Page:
When your teenage daughter has lost somebody she cares about, she may not know how to deal with her emotions. On top of the general hormonal changes that teenagers face, all of these raw feelings can cause alterations in their mood and behaviour. This may be especially difficult and traumatising for her if the person she has lost died unexpectedly, or due to suicide, as an example. Finding ways that help her to cope with the situation, while still allowing her to process her feelings, can be incredibly important, as well as to set her up for healthy ways of coping throughout life.
Use a Condolence Gift
There are a number of different gifts and trinkets that can be made or purchased to help a person deal with any grief they may be facing. While soft toys might be a good way forward for younger children, your teenage daughter might appreciate something a little more mature. Opting for a silver feather bracelet can be a lovely way to appeal to her sense of style, while giving her something that she can wear to remember and honour the person she has lost. In addition to this, feathers are symbolically seen as a means of communication from the dead, which can help her to feel like she is still close to the person, even if they are no longer physically here.
Discuss the Situation
Remember that, although your teenage daughter is approaching adulthood, she is not currently all grown up. Some teenagers may try to hide their emotions and appear more ‘adult’ about the situation, in hopes of ignoring how they feel or even appearing strong for any younger siblings. Helping your daughter to understand death, and that her feelings are completely normal, can go a long way towards supporting her through her grief. It is also key that, within this, you do not allow her to seek comfort from any negative sources, such as through drinking or smoking, and that the normal house rules remain in place. Not only does this keep a semblance of normality in her life, but can also help to prevent any further traumatic situations from occurring.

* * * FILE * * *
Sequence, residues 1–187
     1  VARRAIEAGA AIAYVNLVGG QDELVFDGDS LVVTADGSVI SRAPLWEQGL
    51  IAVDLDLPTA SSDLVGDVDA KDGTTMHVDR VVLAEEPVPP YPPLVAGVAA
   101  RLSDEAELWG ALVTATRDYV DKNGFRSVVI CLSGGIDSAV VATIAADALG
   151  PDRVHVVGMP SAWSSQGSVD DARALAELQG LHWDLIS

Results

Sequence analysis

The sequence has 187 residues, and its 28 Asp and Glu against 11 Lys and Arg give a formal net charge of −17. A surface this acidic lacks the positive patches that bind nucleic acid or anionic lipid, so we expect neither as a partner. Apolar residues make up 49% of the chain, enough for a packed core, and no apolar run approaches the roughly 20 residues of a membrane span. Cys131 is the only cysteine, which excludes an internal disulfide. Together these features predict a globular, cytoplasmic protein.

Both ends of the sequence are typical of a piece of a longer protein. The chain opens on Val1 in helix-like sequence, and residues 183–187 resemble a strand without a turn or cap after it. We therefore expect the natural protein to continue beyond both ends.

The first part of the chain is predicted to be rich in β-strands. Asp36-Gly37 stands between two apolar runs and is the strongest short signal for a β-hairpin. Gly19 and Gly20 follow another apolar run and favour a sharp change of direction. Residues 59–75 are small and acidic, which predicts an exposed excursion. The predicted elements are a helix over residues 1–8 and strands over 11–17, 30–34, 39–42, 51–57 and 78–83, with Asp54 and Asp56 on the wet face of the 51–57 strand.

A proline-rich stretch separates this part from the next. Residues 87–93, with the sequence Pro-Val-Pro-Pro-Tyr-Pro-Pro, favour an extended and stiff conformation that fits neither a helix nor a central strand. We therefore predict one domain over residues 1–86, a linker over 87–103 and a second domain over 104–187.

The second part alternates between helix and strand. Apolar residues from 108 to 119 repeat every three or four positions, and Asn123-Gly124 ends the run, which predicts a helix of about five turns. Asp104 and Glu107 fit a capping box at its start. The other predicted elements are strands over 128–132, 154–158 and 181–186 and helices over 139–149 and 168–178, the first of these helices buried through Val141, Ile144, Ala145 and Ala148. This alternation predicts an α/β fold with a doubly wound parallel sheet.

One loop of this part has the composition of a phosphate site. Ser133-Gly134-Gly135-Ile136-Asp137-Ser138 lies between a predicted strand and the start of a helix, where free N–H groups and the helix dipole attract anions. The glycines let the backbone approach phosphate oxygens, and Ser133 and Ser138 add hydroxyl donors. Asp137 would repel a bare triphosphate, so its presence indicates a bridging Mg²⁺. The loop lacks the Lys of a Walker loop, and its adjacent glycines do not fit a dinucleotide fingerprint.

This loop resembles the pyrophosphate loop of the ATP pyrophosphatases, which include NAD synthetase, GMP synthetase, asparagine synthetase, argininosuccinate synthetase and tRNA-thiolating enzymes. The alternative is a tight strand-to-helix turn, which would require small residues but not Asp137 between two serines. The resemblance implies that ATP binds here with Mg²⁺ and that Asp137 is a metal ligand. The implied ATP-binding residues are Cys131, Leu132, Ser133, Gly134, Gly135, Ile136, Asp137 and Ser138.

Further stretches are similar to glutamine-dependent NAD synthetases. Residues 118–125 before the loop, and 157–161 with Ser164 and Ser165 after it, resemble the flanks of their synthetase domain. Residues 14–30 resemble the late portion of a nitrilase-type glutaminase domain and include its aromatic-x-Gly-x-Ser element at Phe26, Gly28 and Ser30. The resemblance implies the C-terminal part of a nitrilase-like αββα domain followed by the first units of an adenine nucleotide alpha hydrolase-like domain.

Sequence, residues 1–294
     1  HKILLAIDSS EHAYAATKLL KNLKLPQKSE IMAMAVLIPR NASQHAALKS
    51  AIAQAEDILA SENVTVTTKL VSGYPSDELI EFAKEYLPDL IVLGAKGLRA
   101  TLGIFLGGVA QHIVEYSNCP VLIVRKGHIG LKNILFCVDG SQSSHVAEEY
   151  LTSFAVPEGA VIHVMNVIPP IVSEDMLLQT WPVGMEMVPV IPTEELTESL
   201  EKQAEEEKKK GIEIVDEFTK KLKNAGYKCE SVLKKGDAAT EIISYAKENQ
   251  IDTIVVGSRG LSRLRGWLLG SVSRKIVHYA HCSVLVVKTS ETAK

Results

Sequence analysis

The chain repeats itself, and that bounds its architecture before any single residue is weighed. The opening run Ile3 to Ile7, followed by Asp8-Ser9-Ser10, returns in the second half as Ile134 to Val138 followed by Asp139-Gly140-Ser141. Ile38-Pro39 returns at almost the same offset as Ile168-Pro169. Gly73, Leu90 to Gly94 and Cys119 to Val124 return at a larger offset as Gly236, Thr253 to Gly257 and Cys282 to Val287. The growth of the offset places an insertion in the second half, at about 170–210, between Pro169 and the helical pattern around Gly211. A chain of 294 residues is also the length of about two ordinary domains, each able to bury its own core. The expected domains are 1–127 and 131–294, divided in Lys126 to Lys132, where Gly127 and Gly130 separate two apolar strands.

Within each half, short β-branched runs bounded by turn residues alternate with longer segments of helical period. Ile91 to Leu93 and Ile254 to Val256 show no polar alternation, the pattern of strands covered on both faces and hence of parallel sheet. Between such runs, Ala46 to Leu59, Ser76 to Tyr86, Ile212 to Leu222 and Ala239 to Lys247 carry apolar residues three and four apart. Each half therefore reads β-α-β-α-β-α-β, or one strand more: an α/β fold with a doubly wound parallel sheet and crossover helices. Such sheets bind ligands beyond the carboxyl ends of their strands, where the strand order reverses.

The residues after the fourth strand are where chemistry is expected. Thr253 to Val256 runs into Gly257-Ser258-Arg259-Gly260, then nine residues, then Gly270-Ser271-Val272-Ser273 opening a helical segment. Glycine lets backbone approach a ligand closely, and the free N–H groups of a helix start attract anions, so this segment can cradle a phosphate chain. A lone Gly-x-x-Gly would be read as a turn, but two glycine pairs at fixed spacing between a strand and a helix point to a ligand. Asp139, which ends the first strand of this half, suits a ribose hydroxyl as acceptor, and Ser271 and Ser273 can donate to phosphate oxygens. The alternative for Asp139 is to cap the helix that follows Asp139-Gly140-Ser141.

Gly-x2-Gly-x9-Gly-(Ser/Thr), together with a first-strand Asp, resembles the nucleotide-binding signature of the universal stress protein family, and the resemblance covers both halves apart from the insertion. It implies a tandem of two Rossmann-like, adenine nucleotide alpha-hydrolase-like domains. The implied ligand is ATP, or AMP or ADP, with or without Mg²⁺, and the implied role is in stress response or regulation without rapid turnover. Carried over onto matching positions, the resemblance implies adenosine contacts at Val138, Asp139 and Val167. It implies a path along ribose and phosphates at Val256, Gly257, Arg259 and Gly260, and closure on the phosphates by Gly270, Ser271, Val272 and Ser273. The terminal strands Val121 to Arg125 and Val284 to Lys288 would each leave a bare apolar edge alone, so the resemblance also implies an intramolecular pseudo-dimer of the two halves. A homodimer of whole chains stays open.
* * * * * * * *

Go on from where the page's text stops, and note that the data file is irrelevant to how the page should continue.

While there are many things you can do to help her cope, there might come a time where your daughter is unable to deal with her emotions, or even lashes out in anger at the situation. If this does occur, or she vocalises that she needs support, you may want to consider looking for counselling or other talking therapies to aid her. This can allow her to open up about her grief in a safe environment, as well as better manage any traumas relating to the incident. Children and adults alike can benefit from speaking to outside resources when they have suffered a bereavement.
Helping your teenage daughter to understand and manage her grieving may take an exceptionally long time. By focusing on her, as an individual, you can figure out the best ways to offer support, as well as to allow her to recognise that you are there for her.